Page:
[Disclaimer 1: I’m no expert on Bollywood or even film-making. But, I continue to be a big admirer of this medium, so please see the suggestions below in that spirit. Disclaimer 2: The movies below do not include movies in regional languages mainly because I am not familiar with them, though I understand that there are some very interesting ones out there. We’ll get into that another time, perhaps.]
Irrfan Khan and Nimrat Kaur (who should have had a bigger role in that 4th season of Homeland) play people who send each other notes in the daily lunchbox being misdelivered to Khan’s character instead of to Kaur’s character’s husband. This is not much of a story, more like beautifully-etched character studies. The performances (especially Nawazuddin Siddiqui in a supporting role) are strong. The plot never gets maudlin or sentimental. I did have to suspend disbelief a couple times because such epistolary romance does not happen in today’s smartphone world. Still, it won a few international awards and is worth watching for the cast.
This is a quirky little story about a joint family patriarch who decides that he is only going to believe things if he gets to see them with his own eyes. A lovely, understated comedy with a bit of a surreal ending. The ensemble performance here reminds me of really good live theater. Sanjay Mishra as the lead and Rajat Kapoor (who wrote and directed) as his brother are so right for their roles. However, Seema Pahwa, as the mother, is the real scene-stealer.
There are two parallel, slowly-converging stories here of ordinary, lower middle-class people trying to find love and get to better lives, beyond caste conflicts. Some of the plot twists are a bit O Henry-ish, but there’s good storytelling here with pitch-perfect performances from mostly newcomers. Sanjay Mishra shows up here again as a father and, again, outshines almost everyone. The cinematography is rather breathtaking in places so that you want to pause for particular shots. The soundtrack by Indian Ocean is cool (and they’ve used a Dushyant Kumar poem to good effect). This one deserved its international awards and the reported standing ovation at Cannes.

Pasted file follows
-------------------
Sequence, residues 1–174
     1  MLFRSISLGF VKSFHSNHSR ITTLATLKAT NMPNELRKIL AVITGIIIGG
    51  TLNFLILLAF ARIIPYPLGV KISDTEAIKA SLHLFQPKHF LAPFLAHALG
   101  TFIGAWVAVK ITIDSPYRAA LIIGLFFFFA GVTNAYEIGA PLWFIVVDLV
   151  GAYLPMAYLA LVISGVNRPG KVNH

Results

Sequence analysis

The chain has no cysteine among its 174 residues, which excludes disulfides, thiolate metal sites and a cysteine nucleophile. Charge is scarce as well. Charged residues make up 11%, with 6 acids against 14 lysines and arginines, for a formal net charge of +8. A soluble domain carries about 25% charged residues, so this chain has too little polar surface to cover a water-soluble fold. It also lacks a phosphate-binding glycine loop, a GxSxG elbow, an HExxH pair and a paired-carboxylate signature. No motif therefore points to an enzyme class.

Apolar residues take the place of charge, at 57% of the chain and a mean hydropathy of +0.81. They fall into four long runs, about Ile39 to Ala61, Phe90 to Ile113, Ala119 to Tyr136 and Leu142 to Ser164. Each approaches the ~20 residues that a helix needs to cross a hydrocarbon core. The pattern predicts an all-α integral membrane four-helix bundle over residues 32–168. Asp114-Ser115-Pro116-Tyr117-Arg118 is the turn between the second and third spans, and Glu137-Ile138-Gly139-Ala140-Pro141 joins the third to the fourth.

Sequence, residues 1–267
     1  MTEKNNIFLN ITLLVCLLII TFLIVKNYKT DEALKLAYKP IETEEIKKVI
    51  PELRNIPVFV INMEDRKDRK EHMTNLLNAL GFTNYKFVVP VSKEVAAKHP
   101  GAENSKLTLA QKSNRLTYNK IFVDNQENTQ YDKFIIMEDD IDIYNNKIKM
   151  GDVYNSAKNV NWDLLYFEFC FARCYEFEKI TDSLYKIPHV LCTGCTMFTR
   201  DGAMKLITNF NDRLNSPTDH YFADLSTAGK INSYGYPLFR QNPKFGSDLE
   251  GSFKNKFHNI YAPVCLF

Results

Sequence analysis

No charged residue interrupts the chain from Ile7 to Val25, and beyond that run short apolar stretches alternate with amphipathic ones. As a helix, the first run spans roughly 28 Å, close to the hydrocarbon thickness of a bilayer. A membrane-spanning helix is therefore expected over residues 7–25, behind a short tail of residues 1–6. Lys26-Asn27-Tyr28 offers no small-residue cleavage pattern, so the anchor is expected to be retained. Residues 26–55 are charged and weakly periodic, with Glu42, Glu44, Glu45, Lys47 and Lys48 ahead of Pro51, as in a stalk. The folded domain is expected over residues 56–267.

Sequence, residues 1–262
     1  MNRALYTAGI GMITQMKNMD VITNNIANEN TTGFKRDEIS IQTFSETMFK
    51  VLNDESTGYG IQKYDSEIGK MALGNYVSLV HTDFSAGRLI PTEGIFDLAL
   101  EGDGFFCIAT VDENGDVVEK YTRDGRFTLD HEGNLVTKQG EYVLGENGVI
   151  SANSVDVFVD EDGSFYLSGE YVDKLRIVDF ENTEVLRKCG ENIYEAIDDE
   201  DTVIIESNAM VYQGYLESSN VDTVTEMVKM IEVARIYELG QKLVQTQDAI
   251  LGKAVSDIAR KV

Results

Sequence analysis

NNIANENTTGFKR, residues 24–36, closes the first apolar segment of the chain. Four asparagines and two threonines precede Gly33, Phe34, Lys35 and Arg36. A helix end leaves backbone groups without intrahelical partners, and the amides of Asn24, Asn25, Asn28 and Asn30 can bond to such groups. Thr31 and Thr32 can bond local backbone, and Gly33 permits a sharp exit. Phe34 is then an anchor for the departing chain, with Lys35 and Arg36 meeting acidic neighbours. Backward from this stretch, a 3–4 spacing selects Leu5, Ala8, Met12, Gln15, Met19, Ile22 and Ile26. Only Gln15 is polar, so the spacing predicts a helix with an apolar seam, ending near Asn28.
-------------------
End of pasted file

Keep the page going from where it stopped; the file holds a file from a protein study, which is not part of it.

Dum Lagaa Ke Haisha
An arranged marriage gone awry is a typical plot point of so many Indian movies. But, this one is handled differently. Ayushman Khurrana and the lovely Bhumi Pednekar make the whole thing work very well. It’s probably the first Indian movie I’ve seen with an overweight female lead who comes out on top (literally). Sanjay Mishra and Seema Pahwa (see Ankhon Dekhi above) show up here again and, as always, are flawless.
A woman decides to find a husband her own way after facing ridiculous dowry demands. This is a different take on the usual dowry story. Parineeti Chopra and Aditya Roy Kapur do good work as the leads. I could not stand Anupam Kher’s hamminess as the father. Less dancin’ and romancin’, and more cookin’ and bitchin’ (Hyderabadi-style, if you know what I mean) would have gone a long way to making it stand out. They should have done more with the food/restaurant angle — the guy’s a renowned chef; I would have liked to see him in the kitchen, getting his hands dirty. When Bollywood takes a good story and tries hard to make us fall in love with the characters, this is what happens.